Thursday, April 24, 2014
Tribeca Review: Elisabeth Moss And Mark Duplass Star In The Refreshing Romantic Comedy, 'THE ONE I LOVE'
I think Hollywood is finally starting to understand the memo that movies can't continue to reuse romantic comedy tropes that worked in the 80s and early 90s on the millenial audiences of today. We saw it last year with Her and Enough Said, and continue to see a more interesting take on relationships in THE ONE I LOVE.
Elisabeth Moss (Mad Men, Top of the Lake) and Mark Duplass (You Sister's Sister, The Mindy Project) star as Sophie and Ethan, a not-so-happily-married couple who opt to retreat to a house out of town in efforts to rekindle their romance at the advice of their marriage counselor (Ted Danson). With its familiar premise, you'd probably think the film would take a page out of one of the many romcom entries before it, tying up nicely with a neat ending. But that's one of the cool things about THE ONE I LOVE; it never goes where you expect it.
That is to say, the film's premise is merely a launch point that propels it into an almost fantasy territory which yields themes of broken promises and woulda/coulda/shouldas. And nothing, including our focal couple, is what it seems. You see, Sophie and Ethan have stepped into something like an alternate dimension, a bizarro world, if you will, where they come face to face with their ideal selves--for the sake of this review, I'll call them Sophie 2 and Ethan 2 (in the film they have no unique name distinction). When Sophie and Ethan encounter their hyperbolic twins, they want to believe that this vacation has really brought out the best in them, which is evident in such scenes as Ethan 2 finally opening up to Sophie about his past indiscretions and Sophie 2's more complimentary approach to her relationship with Ethan. Trouble is, the real Sophie and Ethan realize that their rekindling is as a result of a false pretense, and an overwhelming sense of doom and longing sets in. It's like smashing cymbals of what could have been and what never was.
Though the remains of their relationship soon stack up like a heap of debris on the ground, there is something very cathartic yet heartrending about watching Sophie and Ethan pick up the pieces. How can you move forward when you realize you can never have what you never realized that you always wanted? In a compelling performance from Moss, Sophie particularly puts herself through an emotional ringer as she tries hard to retain the image of her ideal husband, without succumbing to the fact that he isn't real. Should she hold on to this fantasy, or try to repair her actuality? Is it worth it either way?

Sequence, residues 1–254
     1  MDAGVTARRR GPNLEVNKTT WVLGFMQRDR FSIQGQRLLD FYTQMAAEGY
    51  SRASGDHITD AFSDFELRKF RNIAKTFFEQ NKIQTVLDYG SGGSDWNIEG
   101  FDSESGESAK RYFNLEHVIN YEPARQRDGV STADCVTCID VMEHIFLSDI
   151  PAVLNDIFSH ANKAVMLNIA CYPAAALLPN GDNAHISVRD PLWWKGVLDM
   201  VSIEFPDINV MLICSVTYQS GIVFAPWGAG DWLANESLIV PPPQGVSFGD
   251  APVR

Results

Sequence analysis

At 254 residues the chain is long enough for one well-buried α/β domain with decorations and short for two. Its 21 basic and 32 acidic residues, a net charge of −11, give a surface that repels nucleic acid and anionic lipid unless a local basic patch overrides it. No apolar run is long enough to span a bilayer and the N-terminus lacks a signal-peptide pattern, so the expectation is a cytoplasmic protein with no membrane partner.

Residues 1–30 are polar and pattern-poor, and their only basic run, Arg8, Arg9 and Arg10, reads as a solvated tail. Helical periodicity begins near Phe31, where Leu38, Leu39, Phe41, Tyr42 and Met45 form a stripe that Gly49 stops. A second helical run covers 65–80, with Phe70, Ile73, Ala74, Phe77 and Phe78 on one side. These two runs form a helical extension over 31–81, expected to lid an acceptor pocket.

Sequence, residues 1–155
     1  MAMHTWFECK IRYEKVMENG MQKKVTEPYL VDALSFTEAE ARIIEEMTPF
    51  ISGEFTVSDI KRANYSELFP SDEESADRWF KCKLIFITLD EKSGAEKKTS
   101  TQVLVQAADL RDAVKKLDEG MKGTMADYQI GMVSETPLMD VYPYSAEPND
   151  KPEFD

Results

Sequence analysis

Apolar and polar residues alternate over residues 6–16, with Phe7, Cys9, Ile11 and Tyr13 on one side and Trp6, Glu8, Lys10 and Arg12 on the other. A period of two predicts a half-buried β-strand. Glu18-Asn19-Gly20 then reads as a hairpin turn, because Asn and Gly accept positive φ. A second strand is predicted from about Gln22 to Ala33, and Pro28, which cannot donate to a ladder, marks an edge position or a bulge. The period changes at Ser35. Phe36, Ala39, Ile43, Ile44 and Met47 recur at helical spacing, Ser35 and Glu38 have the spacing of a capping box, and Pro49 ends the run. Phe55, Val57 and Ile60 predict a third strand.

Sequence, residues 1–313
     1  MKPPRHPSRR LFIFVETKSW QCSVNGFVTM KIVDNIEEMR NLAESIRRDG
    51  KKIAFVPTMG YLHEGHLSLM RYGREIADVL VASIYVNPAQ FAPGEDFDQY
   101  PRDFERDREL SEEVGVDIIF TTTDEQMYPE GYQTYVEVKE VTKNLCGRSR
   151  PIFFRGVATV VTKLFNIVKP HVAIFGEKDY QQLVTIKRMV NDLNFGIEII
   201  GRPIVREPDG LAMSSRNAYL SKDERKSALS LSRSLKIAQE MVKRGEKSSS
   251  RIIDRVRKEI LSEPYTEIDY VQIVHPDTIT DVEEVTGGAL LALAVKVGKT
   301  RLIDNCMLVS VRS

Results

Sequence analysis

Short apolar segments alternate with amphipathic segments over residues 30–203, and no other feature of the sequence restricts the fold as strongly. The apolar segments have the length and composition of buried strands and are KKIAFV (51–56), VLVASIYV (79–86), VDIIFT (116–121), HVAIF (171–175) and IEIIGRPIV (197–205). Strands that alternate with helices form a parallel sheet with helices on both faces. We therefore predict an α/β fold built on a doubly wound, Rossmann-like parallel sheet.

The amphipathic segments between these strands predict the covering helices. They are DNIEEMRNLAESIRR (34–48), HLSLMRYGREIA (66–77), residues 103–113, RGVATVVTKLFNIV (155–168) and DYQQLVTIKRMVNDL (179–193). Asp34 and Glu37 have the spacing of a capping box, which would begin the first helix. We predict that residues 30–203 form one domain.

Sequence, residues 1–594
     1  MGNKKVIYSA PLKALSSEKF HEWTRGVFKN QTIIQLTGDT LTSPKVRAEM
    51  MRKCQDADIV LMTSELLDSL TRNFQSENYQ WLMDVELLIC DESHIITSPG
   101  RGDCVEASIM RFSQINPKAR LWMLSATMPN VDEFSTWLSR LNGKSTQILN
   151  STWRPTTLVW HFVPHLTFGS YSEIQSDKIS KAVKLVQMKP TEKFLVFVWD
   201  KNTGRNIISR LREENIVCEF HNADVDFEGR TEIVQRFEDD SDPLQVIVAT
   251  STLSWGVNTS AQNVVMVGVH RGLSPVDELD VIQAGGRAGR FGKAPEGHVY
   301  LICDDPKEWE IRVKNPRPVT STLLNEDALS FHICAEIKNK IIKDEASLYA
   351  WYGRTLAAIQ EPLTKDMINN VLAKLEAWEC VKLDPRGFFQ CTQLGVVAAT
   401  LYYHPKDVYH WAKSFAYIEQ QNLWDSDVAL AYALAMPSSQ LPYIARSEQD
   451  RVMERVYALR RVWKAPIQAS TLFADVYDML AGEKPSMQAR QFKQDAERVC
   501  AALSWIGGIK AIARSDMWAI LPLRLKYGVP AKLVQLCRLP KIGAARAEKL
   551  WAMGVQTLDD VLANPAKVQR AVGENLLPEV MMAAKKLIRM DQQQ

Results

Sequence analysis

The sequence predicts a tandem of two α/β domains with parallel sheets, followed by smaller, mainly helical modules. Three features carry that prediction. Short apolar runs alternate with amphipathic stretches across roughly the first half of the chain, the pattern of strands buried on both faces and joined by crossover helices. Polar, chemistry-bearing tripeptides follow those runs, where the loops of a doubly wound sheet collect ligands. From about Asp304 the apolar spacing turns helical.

On the other hand, Ethan rejects the significance of Ethan 2, regarding him as more like an android than anything else. In that respect, he never gets to the place where he is analyzing his relationship. Where Sophie ends up seeing him for what he is not, he perhaps for the first time sees Sophie for all that she is and accepts her unconditionally. It's an eye-opening experience for him to see what always was, while it's a chapter ending for her.
What's perhaps even more fascinating is that their eventual estrangement comes as a result of a deeper understanding of their relationship, however indirectly. Duplass, who I never really connected with on screen in the past, brings his signature deadpan approach to a more textured performance. He embodies Ethan's struggles to understand how he can finally realize what has been in front of him the whole time as it slowly deteriorates before his eyes. Watching Duplass and Moss essentially play mirror images of their own characters, sometimes in the same scene, further shows how the two have a deep understanding of their characters, so much so that they can present the yin and the yang without it seeming contrived. And both sides are equally as layered.
THE ONE I LOVE is a romantic dramedy in the greatest sense--complex, genuine, funny, ironic and devastating. Screenwriter Justin Lader's feature film debut is nothing short of stunning and hopefully signals a prolific career ahead. Meanwhile, director Charlie McDowell's first feature effort similarly allows for such a unique exploration of the trials of romance. Using Doug Emmett's too-good-to-be-true sunny suburban cinematography, he creates a thin layer of duplicity where you least expect it. McDowell also allows his actors to become beautifully unhinged yet wonderfully engaging at the same time. It's a refreshing treat.